The main purpose of this exercise is for participants to develop self-awareness in regard to their own use of body language and to increase their ability to interpret the body language of others. This activity provides a structure for participants to learn about body language and age-appropriate resources to focus participants’ attention away from themselves and each other.

Goals for Participants

The goals for participants during this activity are:

  • to learn what body language is and why it is useful
  • to practise expressing themselves with body language
  • to increase self awareness and their own use of body language
  • to increase social awareness by accurately interpreting body language in pairs
  • to interpret body language when communicating with others outside the group.

Replay the Scene – Perspective taking

The replay-the-scene activity allows participants to recreate a scene using cardboard cut-outs of characters and to consider their own response to three different social scenarios. The scenarios are designed to trigger a number of different responses within the group as the characters are required to assert themselves with friends under somewhat stressful circumstances. Participants may choose to be assertive or avoid conflict in the process of replaying the scenes. Facilitators are encouraged to walk around the room to determine how participants have responded to each challenge.

The aim of this activity is to invite participants to practise being assertive with friends in situations when this is required. By replaying the scene, participants are using a play technique to practise dialogue commonly required to express an opinion in the face of potential conflict. The cardboard cut-outs and playground provide a safe context for participants to practise being assertive and communicate effectively.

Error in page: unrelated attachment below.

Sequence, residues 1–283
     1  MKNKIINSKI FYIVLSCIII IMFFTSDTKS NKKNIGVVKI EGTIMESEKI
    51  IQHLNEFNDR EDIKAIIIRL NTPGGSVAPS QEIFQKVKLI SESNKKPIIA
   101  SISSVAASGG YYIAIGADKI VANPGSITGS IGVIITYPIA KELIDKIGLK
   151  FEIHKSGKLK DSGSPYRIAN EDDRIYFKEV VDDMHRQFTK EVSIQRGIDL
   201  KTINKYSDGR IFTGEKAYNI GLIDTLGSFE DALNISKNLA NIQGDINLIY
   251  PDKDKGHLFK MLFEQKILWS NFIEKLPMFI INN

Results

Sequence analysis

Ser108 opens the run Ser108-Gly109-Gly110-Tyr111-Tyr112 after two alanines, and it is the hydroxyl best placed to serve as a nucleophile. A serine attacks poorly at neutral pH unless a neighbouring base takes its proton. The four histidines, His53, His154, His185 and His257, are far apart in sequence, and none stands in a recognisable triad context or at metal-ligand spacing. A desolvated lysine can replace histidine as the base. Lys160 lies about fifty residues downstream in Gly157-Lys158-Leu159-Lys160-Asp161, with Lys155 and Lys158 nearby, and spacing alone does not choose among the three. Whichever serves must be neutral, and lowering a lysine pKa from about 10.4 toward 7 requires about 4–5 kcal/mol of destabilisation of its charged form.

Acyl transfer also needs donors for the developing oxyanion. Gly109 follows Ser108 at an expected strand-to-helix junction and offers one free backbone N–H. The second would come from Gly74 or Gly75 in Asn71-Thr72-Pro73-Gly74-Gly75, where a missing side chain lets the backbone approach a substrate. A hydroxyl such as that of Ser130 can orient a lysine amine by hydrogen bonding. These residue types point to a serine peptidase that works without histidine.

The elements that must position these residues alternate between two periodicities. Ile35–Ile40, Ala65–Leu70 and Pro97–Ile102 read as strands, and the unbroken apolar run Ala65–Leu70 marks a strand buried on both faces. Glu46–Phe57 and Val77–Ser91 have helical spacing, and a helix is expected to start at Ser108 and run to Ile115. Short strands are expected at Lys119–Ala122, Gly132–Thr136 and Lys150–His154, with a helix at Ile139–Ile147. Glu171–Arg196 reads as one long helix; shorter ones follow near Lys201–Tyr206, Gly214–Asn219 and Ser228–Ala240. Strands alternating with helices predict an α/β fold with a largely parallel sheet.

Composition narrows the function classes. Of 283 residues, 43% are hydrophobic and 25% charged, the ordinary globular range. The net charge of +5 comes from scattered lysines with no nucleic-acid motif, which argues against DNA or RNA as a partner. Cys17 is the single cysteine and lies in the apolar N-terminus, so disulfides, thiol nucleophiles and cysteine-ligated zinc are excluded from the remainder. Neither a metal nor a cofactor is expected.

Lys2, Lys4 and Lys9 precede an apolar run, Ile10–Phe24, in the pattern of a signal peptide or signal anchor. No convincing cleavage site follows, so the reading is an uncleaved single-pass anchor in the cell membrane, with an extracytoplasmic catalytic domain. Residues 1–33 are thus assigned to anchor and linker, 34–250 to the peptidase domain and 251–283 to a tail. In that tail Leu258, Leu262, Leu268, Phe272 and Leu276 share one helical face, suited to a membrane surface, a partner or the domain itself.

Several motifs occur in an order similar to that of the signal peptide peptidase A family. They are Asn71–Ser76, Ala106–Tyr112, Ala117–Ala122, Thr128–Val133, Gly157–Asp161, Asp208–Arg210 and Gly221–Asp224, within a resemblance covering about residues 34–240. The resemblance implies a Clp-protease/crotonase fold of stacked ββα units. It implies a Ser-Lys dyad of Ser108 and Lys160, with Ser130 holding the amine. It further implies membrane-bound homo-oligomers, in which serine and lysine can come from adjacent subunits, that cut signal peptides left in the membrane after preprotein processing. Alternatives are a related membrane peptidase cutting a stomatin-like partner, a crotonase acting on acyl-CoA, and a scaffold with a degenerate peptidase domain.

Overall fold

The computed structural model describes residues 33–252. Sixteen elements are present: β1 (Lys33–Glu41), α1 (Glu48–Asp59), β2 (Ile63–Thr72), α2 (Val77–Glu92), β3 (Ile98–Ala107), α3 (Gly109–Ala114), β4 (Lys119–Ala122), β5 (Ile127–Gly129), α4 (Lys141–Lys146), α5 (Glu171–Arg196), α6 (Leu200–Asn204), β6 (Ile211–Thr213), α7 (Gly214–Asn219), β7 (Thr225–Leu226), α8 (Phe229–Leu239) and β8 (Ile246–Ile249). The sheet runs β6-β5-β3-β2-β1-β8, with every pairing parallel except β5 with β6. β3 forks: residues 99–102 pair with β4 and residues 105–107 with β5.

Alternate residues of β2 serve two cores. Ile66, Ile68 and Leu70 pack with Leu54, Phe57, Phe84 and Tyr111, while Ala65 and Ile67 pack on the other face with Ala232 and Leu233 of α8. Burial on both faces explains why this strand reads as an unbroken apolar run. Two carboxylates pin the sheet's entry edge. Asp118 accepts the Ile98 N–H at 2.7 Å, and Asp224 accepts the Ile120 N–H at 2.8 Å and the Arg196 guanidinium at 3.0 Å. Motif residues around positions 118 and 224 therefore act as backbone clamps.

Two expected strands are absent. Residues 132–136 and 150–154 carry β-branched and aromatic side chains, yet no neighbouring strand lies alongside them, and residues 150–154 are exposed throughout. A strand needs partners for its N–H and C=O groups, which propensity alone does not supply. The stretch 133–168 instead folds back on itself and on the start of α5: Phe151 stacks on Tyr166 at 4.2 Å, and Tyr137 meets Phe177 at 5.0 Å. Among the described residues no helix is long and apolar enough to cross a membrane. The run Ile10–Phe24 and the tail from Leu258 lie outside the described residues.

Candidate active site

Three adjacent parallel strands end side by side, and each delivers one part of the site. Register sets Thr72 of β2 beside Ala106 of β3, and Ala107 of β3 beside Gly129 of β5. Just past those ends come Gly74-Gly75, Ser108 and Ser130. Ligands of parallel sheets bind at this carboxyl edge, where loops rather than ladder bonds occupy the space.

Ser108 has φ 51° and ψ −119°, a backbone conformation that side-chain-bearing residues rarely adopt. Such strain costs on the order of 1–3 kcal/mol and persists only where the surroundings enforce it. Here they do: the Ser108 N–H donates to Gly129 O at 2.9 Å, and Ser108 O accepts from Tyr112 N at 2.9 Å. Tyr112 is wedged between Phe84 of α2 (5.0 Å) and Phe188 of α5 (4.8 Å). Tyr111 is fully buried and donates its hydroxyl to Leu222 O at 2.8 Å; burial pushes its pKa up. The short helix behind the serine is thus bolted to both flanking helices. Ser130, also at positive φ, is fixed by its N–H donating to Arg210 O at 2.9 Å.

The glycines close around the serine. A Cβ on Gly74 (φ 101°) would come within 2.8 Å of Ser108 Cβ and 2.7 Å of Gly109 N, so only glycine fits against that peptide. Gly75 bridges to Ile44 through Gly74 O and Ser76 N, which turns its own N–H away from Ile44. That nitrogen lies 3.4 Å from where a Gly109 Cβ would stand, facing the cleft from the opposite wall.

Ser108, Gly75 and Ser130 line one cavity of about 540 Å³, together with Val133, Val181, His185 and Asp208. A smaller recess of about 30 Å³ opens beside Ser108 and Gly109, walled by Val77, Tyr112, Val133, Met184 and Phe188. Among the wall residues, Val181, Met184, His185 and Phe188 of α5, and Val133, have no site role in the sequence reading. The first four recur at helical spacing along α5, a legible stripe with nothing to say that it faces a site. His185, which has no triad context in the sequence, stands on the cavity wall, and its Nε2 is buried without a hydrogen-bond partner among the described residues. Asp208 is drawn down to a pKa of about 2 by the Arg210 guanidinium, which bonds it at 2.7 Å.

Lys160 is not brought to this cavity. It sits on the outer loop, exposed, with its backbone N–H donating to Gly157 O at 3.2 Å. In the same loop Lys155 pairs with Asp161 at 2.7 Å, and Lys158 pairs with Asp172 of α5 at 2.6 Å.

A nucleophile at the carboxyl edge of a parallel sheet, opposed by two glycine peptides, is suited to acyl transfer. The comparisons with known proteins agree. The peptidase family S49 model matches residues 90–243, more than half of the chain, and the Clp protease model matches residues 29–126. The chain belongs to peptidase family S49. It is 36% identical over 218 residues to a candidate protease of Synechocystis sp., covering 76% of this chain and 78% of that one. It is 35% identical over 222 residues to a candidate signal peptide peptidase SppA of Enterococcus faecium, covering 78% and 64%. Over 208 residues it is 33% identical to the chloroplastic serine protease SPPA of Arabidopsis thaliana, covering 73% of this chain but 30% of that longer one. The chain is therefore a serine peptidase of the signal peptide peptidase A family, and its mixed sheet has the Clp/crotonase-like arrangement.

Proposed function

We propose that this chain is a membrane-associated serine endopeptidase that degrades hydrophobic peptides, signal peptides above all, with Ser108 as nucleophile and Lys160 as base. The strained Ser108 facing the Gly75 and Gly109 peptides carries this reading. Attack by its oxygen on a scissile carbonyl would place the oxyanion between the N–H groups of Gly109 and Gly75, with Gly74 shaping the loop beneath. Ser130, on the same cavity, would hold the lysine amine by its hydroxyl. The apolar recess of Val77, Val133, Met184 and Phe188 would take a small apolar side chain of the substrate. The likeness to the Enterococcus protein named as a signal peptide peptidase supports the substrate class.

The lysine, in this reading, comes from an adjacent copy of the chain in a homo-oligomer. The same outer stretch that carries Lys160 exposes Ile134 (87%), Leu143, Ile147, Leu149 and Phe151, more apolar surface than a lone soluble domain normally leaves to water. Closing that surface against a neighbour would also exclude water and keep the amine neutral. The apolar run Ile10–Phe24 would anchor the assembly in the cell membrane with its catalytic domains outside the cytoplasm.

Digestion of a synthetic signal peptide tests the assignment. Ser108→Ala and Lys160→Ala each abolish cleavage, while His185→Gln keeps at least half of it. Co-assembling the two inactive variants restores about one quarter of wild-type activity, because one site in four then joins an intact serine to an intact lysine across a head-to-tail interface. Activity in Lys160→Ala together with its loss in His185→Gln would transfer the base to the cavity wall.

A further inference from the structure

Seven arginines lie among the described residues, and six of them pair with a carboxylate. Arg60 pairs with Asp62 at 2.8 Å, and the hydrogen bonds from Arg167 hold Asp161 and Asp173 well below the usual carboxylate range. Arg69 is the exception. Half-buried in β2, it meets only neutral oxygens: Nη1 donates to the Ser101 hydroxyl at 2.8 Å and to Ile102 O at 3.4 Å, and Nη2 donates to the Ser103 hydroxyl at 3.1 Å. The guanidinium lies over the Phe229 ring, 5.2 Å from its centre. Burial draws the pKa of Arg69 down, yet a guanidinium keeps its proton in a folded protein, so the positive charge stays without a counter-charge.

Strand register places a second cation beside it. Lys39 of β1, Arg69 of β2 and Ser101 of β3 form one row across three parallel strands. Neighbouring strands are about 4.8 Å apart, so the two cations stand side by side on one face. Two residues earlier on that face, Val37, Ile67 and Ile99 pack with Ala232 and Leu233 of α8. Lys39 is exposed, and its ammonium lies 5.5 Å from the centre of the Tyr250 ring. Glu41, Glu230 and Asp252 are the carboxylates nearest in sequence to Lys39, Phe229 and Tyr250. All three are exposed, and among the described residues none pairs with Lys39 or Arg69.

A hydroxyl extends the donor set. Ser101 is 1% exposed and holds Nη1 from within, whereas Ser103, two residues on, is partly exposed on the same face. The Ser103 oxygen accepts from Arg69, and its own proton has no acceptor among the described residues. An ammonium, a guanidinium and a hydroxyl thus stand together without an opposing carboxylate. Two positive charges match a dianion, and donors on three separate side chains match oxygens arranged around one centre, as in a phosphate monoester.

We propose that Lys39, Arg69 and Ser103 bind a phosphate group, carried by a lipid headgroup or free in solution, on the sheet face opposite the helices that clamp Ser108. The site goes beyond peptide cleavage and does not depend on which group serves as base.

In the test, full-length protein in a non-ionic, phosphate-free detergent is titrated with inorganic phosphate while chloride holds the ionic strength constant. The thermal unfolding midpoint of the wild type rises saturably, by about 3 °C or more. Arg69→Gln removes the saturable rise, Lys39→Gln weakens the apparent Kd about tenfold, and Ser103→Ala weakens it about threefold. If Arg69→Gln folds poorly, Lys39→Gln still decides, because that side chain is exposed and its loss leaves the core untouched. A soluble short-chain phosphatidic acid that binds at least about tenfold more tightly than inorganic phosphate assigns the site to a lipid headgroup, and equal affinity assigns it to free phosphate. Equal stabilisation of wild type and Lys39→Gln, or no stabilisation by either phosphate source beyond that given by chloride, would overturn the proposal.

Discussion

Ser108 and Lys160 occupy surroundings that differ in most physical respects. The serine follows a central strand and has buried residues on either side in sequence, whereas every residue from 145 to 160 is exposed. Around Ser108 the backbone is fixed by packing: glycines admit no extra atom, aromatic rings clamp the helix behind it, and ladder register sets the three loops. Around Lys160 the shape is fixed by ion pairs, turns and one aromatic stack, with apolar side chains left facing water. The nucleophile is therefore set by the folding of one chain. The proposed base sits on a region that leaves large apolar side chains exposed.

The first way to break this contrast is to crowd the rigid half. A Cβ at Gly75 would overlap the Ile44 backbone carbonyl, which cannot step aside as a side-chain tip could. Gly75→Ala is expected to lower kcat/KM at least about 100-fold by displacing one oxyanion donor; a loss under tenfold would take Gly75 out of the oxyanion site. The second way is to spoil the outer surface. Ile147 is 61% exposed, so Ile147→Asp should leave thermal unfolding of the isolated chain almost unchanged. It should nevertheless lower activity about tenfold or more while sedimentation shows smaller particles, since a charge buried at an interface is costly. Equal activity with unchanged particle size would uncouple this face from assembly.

The goals for participants during this activity are:

  • to learn how to express themselves effectively in challenging scenarios
  • to improve assertiveness skills and increase strategies for resolving conflict
  • to explore how others may resolve the same conflict with a friend
  • to practise the dialogue required to be assertive.

Field Work – Group Observation

During this activity participants will develop their skills in observing other people in  groups to practise interpreting body language, communication styles, and the roles of different group members. This activity is designed to take place outside the school setting but can also occur within the school environment.

The aim of this activity is provide participants with the opportunity to identify different group dynamics as a basis for learning how and when to approach a group. The purpose of this activity is to encourage social awareness by enhancing participants’ ability to interpret the body language, facial expressions and voice tone of others.

Participants will be encouraged to observe two different groups in order to compare behaviour across contexts. Another purpose of this activity is to increase the focus of participants by highlighting the importance of observing the movements of others and their more subtle body language, as well as their voice tone to assess the dynamics between group members.

Goals for Participants

The goals for participants during this activity are:

  • to observe two different groups for 3-5 minutes (or longer) each
  • to record the behaviour exhibited by each group member
  • to consider body language within the group and what it may mean
  • to decide if they think they would like to join either group. Why or why not?
  • to consider what they look for in a group and why.